The average fixed cost can be defined as the total fixed cost divided by total units output. It is vital to know the difference between short and long runs to understand the fixed cost.

In the short run, fixed factors such as technology remain the same, i.e., inputs do not change.

In the long run, technology can change, meaning inputs can change.

Connected to long and short-run are topics of fixed inputs and variable inputs.

**Fixed inputs:**They are inputs whose quantity remains the same. When measured over a certain period.**Variable inputs:**They are inputs whose amount varies over a certain period.

Therefore, an excellent way to define fixed cost is the total cost of all fixed inputs.

## Short-run Costs

The traditional theory of costs analysed short-run and long-run. It concludes that the short-run and long-run cost curves are ‘U’ shaped.

According to the traditional theory on short-run costs, there must always be at least one fixed input in the firm while production occurs. Therefore, it divides short-run costs into fixed costs and variable costs. This gives us the formula, TC = TFC + TVC. Where TC is the total cost.

## Total Fixed Costs

A fixed cost is a cost that remains regardless of the level of production. Fixed costs are incurred on capital machinery. As these assets are required to start production, fixed costs are constant over the short run regardless of production. It includes costs like expenses on land, depreciation of machinery, and salaries for administrative staff.

The concept of fixed costs is beneficial to a firm as:

They help in developing a pricing strategy,

They are used in calculating break-even analysis, and

They help in general decision-making.

It is denoted graphically by a straight line parallel to the x-axis as its value is constant.

## Total Variable Costs

The variable costs are costs that are unstable over time. It changes in the long and the short run. They are incurred during the process of production and not before it. Therefore we can define variable costs as: Variables costs are the costs that are incurred on variable inputs required for the production of goods.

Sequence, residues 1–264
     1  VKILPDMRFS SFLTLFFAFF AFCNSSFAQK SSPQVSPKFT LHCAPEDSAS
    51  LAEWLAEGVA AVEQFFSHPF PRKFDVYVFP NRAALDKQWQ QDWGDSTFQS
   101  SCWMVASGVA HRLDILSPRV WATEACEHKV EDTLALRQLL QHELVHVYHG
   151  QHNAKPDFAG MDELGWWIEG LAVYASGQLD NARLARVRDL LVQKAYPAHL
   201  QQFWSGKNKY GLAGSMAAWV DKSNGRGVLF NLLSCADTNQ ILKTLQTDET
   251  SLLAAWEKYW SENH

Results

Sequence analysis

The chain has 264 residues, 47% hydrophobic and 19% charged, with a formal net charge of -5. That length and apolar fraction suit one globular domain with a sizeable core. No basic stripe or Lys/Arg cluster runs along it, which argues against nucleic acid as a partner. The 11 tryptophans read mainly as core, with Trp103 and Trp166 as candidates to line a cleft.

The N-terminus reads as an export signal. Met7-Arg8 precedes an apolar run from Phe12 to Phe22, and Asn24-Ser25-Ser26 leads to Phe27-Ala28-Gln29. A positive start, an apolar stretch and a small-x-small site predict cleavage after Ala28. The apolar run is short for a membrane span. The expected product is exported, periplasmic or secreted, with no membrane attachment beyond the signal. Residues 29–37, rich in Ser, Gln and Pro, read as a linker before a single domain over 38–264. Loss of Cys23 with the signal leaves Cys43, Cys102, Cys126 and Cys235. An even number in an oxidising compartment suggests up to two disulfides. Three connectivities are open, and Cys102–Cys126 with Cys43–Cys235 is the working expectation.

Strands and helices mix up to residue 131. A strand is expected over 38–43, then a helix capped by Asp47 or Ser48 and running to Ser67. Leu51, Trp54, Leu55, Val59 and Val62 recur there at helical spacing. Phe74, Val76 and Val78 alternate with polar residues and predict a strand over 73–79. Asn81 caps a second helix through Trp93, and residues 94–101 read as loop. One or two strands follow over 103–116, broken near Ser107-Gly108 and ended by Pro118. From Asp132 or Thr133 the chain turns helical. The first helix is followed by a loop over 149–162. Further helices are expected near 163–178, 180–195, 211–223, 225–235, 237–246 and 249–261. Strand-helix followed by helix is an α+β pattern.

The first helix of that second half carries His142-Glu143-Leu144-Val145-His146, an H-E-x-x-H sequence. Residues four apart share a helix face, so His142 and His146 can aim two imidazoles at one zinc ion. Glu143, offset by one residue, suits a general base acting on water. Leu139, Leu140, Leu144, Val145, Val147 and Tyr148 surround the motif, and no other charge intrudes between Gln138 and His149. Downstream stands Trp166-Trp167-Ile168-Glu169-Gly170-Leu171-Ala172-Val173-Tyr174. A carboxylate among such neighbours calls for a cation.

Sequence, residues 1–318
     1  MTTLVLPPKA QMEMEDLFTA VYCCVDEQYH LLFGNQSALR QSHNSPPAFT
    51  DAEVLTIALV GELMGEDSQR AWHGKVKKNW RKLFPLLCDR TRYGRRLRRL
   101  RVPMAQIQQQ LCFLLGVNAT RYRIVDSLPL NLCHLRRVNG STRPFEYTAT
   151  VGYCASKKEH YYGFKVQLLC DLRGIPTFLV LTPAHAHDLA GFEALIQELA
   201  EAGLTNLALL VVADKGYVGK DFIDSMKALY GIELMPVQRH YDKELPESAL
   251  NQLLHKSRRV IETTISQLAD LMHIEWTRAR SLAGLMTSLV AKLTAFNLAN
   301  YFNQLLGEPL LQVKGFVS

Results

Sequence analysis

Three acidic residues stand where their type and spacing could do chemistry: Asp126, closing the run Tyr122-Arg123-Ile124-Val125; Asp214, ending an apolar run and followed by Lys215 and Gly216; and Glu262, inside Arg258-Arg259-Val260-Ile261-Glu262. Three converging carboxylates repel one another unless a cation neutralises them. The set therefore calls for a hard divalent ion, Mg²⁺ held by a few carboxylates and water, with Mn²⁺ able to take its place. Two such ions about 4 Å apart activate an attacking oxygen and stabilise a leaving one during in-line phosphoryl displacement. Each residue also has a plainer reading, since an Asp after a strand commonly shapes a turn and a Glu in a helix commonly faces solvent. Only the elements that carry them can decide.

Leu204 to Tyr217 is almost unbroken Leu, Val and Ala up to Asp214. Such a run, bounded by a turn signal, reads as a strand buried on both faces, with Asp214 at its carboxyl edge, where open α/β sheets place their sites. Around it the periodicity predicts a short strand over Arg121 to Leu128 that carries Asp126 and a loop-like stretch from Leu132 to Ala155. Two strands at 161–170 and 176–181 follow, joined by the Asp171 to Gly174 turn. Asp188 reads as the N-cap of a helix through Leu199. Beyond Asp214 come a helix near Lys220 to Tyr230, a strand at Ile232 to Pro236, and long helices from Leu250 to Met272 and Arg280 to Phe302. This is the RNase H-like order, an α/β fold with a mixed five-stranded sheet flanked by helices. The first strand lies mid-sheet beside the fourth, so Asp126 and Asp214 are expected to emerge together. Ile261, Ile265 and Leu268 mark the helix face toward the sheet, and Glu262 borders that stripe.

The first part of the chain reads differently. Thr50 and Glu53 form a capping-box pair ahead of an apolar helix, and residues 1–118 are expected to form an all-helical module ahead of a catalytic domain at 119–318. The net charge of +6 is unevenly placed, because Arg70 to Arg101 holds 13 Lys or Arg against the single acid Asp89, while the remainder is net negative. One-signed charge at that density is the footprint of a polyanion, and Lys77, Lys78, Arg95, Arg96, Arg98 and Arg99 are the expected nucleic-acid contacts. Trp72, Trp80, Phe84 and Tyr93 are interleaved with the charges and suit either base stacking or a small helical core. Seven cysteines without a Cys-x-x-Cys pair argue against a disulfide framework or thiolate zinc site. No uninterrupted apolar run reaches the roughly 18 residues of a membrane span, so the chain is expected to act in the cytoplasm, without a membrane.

Therefore, TVC = f(Q), where Q is output.

They include costs like – raw materials and direct labour costs. Knowing their variable costs are helpful for the firm as they help in profit planning, pricing strategy, and cost control.

Graphically it is denoted by an inverse ‘S’ shape.

## Total Costs

Short-run total costs or STC are the sums of total variable and fixed costs. As the total fixed costs are constant, the total costs are graphically the same shape as the variable costs but higher.

## Average Costs

We can now learn about the average cost curves through our understanding of the total cost curves. The average cost curves are also derived from the total cost curves.

### Average Fixed Cost

The average fixed cost is found by dividing the total fixed cost by the number of units of output.

It can be denoted as:

AFC = TFC/ Q

Average fixed cost gives us the fixed cost of producing a single unit. The total fixed cost is constant regardless of output. On the other hand, the average fixed cost declines with increased production. The TFC remains constant, and Q keeps rising. Therefore, the value of TFC/Q also keeps decreasing.

Due to the decline of average fixed cost, the graph of AFC is a rectangular hyperbola with a downward slope. In contrast, the TFC on the graph is a straight line.

### Average Variable Cost

The average variable cost results from dividing the total variable cost by the units of output. The average variable cost formula is denoted as:

AVC = TVC / Q

The graph of the average variable cost is downward sloping at first, as the productivity of variable factors like labour increases. After reaching a minimum point, it then starts rising again. It starts to rise and keeps growing above the initial level. This occurs due to the law of diminishing returns. The firm has to keep increasing expenditure to get the same output levels.

### Average Total Cost

The short-run total average cost (SAC) of a firm can be obtained simply by dividing the total cost by output units. It is denoted as

SAC = STC/Q.

We know,

STC = TVC + TFC

Dividing terms by Q,

We have,

STC/Q = TVC/Q + TFC/Q

= SAC = AVC + AFC

Therefore, SAC can also be found by adding the average fixed and variable costs.

Knowing the average total cost for a company is essential, even more so than understanding the total cost. The units produced in a given period will not cost the firm the same amount. However, they have to be sold at the same price. The per-unit production cost is therefore significant to the firm.

### Conclusion

The total fixed cost is the expenditure on all fixed inputs in a given period. On the other hand, the total variable cost is all the expenditure on variable inputs. The sum of the total fixed cost and total variable cost is the total cost of production over a given period.

From these concepts, we can grasp an understanding of average costs. The average fixed cost is the fixed cost of producing a single unit. It can be arrived at by dividing the total fixed cost by the number of units produced. The average variable cost is the variable cost of producing a single unit. It can be found by dividing total variable cost by the number of units produced.